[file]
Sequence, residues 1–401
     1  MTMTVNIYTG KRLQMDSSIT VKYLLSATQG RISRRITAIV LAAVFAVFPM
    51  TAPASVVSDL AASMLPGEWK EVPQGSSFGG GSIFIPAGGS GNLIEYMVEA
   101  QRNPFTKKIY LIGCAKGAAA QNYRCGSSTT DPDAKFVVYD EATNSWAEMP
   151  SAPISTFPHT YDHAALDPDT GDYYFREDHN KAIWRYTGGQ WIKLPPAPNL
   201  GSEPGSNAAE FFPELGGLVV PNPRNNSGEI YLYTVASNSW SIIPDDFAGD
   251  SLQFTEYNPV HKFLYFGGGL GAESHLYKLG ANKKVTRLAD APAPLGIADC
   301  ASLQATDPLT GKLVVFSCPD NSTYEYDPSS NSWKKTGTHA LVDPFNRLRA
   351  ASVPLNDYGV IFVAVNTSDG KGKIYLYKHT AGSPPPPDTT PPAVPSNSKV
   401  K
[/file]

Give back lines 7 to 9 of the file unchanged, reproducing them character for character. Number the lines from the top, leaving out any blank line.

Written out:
   251  SLQFTEYNPV HKFLYFGGGL GAESHLYKLG ANKKVTRLAD APAPLGIADC
   301  ASLQATDPLT GKLVVFSCPD NSTYEYDPSS NSWKKTGTHA LVDPFNRLRA
   351  ASVPLNDYGV IFVAVNTSDG KGKIYLYKHT AGSPPPPDTT PPAVPSNSKV